Younger sisters renew relationships to prepare for future leadership, collaboration
More than 100 younger sisters will gather in Chicago over Memorial Day weekend to compare notes, renew old ties and continue preparing for the future of religious life.
The get-together May 25-28 at St. Xavier University is for alumnae of the Collaborative Leadership Development Program, which works to develop the next generation of leaders among women religious. Those who finished the program wanted to find a way to keep building on what they learned and forming their relationships, so they created separate alumnae gatherings held every other year.
The leadership program itself, which consists of three four-day sessions over the course of a year, is funded by a grant from the GHR Foundation and sponsored by a coalition of religious communities and the Leadership Conference of Women Religious. The GHR Foundation also helps fund the alumnae events.
"[The Collaborative Leadership Development Program] started with sisters in leadership recognizing that communities are shrinking, and for younger sisters, there was nothing to train them for leadership," said Religious Sister of Mercy Sandy Prucha, one of the alumnae event's organizers. "So several sisters approached the Mercy Sisters because they had a really defined program and asked if they would share it."
The first yearlong program began in 2013.
"I was in that first group myself, and it was phenomenal," Prucha said. "There was such a range of 19 or 20 communities, so we had sisters in everything from full habits to flip-flops and T-shirts. Among women religious, there are so few of us in this younger age spectrum that when we met together, it was like finding new life. … We said, 'We cannot let this stop.' "
The first national alumnae gathering was held in 2015; there are also regional gatherings of program graduates.
"The first one, in 2015 in Chicago, it set us on fire," Prucha said.
That fire comes from the leadership skills they're developing through the initial program, subsequent alumnae meetings and the relationships they are nurturing, she said, as well as from the reality that as religious life as we know it today changes, their generation will be the leaders guiding whatever comes next.
"We say to one another, 'Our numbers are shrinking, so how do we want to mission and minister together?' Can you think of ministries you would want to share with others?' " Prucha said. "We know sisters are coming to this event with ideas of ministries that haven't yet happened. We need to know their vision of helping those in need in the world."
Kathleen Mahoney, a senior program officer at the GHR Foundation, said the not-for-profit is pleased with the peer networks and relationships that the program has developed but is even prouder that alumnae are showing their leadership by preparing for what comes next.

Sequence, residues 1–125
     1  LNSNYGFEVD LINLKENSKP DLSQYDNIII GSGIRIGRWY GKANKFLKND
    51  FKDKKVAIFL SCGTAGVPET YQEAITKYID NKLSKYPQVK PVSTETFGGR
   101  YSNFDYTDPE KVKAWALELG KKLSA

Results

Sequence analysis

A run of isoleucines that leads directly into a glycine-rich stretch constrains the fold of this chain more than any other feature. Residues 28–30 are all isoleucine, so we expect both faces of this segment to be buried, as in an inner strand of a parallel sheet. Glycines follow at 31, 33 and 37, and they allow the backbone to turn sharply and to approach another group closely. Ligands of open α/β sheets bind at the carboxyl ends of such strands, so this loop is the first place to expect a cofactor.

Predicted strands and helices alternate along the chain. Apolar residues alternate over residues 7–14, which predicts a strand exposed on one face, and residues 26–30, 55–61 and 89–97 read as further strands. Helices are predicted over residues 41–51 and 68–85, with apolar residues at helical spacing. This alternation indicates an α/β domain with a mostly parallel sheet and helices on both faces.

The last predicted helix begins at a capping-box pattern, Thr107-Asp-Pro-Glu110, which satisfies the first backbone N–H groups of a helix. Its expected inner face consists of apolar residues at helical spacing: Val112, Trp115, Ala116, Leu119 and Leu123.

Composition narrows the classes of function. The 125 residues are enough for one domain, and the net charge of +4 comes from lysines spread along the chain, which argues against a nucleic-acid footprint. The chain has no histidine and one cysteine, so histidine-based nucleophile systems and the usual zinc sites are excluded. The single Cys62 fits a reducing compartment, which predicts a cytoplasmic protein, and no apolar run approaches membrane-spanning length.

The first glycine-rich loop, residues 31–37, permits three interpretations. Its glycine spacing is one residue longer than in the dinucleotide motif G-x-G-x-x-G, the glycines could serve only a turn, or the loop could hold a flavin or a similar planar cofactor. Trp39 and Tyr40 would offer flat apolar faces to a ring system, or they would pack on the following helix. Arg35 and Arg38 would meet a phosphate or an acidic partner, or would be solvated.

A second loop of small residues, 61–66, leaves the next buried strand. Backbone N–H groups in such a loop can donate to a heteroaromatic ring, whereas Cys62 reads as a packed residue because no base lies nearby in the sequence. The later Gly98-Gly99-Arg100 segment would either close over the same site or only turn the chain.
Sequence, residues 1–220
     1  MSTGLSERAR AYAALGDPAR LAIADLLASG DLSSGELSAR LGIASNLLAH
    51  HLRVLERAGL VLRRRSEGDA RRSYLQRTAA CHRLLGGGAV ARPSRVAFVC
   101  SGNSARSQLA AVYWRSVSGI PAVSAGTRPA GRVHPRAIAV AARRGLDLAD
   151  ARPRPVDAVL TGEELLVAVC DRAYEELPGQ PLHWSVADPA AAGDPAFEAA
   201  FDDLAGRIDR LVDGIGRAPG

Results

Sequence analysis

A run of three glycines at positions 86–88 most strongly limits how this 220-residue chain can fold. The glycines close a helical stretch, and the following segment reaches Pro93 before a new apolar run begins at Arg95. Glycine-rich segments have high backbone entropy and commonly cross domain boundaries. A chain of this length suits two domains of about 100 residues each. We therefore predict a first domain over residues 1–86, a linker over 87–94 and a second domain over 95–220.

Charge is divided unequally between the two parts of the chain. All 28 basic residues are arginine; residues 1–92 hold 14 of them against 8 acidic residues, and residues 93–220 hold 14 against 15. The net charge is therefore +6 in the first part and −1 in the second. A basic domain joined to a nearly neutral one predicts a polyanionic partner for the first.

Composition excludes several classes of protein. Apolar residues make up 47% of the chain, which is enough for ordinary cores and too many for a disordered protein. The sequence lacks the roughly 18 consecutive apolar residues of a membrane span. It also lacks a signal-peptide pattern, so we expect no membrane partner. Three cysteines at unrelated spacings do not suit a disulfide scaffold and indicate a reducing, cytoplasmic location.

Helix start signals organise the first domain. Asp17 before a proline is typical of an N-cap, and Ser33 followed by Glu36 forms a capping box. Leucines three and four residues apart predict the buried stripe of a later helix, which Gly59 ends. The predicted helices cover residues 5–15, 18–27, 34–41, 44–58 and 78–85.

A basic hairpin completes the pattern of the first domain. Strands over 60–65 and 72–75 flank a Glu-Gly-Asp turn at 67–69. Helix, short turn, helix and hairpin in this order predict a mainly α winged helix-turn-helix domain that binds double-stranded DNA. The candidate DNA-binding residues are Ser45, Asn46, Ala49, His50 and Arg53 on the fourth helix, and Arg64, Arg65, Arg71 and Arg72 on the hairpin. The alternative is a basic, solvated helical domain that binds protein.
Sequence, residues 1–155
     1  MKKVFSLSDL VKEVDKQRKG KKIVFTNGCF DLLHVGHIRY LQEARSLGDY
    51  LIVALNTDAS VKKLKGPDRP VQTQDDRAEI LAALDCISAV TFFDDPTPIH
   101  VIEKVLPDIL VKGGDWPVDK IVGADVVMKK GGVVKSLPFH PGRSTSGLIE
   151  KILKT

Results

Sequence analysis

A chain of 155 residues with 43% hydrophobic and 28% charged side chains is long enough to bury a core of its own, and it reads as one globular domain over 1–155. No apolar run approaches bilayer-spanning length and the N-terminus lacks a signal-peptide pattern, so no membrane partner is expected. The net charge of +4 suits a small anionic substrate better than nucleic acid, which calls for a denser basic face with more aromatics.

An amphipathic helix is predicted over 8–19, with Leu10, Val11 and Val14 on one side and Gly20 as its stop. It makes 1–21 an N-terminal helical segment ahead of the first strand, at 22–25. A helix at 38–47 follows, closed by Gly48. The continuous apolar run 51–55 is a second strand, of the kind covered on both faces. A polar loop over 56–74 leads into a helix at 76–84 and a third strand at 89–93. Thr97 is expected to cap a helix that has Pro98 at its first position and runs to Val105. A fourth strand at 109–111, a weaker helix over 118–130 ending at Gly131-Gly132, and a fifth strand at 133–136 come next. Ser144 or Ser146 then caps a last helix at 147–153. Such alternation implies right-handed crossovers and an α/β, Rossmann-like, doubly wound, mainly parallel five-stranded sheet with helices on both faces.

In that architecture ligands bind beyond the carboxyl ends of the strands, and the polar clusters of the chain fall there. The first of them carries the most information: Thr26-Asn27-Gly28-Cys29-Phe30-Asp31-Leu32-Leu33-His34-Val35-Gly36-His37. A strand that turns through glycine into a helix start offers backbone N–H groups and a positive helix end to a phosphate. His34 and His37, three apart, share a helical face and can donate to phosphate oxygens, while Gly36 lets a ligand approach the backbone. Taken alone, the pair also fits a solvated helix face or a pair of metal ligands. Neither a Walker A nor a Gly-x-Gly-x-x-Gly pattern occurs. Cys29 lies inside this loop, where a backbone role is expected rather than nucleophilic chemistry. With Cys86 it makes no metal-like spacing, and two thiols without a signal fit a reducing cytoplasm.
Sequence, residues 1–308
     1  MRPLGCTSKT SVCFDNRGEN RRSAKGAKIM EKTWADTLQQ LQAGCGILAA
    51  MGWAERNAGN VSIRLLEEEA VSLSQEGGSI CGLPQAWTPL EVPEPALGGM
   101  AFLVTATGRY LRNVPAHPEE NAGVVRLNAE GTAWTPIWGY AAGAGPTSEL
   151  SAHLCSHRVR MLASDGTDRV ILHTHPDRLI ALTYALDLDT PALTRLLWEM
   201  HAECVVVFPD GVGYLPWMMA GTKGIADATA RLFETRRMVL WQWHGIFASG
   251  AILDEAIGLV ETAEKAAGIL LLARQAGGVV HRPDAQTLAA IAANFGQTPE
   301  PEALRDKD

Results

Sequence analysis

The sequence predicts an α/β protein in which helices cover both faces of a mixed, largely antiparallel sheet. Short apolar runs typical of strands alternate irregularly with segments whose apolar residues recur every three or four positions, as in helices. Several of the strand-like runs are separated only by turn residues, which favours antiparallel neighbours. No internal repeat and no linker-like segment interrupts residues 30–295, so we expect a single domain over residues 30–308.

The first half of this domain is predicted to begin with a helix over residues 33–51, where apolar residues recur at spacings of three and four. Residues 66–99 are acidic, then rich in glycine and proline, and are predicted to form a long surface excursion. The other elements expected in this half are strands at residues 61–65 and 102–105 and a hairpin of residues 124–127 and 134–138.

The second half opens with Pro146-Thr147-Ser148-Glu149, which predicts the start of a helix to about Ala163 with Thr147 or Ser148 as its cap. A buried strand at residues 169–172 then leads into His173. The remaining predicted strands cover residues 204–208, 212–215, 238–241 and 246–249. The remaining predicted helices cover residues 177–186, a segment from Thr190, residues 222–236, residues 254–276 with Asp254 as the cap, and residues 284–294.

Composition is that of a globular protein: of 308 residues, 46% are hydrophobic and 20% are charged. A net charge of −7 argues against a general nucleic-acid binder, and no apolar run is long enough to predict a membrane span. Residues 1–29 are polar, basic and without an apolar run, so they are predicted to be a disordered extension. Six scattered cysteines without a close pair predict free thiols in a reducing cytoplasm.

"The future of women's religious life is in the making, and some of these relationships the sisters are developing may hold the seeds for the future," Mahoney said.
Wheaton Franciscan Sr. Glenna Czachor said what makes the alumnae gatherings so powerful for her is that combination of developing leadership skills, peer support and planning the future of religious life.
"My community is very small. There's only 46 of us in the United States, and at age 50, I'm the youngest," Czachor said. "So this gives me peers. They're not in my own community or tradition, but they are in my age cohort. It's not that my community isn't supportive — they are — but I don't have the age peers there."
She said she loves that the gatherings show the range of leadership possibilities.
"We're all in different stages of leadership in our own communities — some are in elected positions, and some are not, but they're in other leadership. For example, I'm the director of our education and retreat center," Czachor said. "This lets me find peers doing similar work."
She said the gatherings also help with a more subtle divide between themselves and older sisters: Most older sisters in leadership were in formation before the Second Vatican Council, while Czachor's generation all came to religious life after.
"We didn't have those same kinds of restrictions or limits that were put on women religious pre-Vatican II," she said. "The sisters that lived through Vatican II still have a sense of that hierarchy that exists in the background, that more linear point of view that whoever the leader is has the final word, where we tend to be more collaborative."
Czachor said sisters in her cohort tend to prefer a leadership model like that of LCWR, which has a president, a past-president and a president-elect working as a team.
She said her generation also tends to be more open to other types of ministry, rather than those women religious have typically been involved in, such as teaching or nursing.
Prucha said many of those new ministries may in the future be run by sisters born outside the United States, meaning openness to new ideas and a willingness to collaborate will be more essential than ever.
"The data [on foreign-born sisters] is telling us we have some fabulous opportunities ahead of us," Prucha said. "We know that leadership in the future is not going to be what it has been in the past."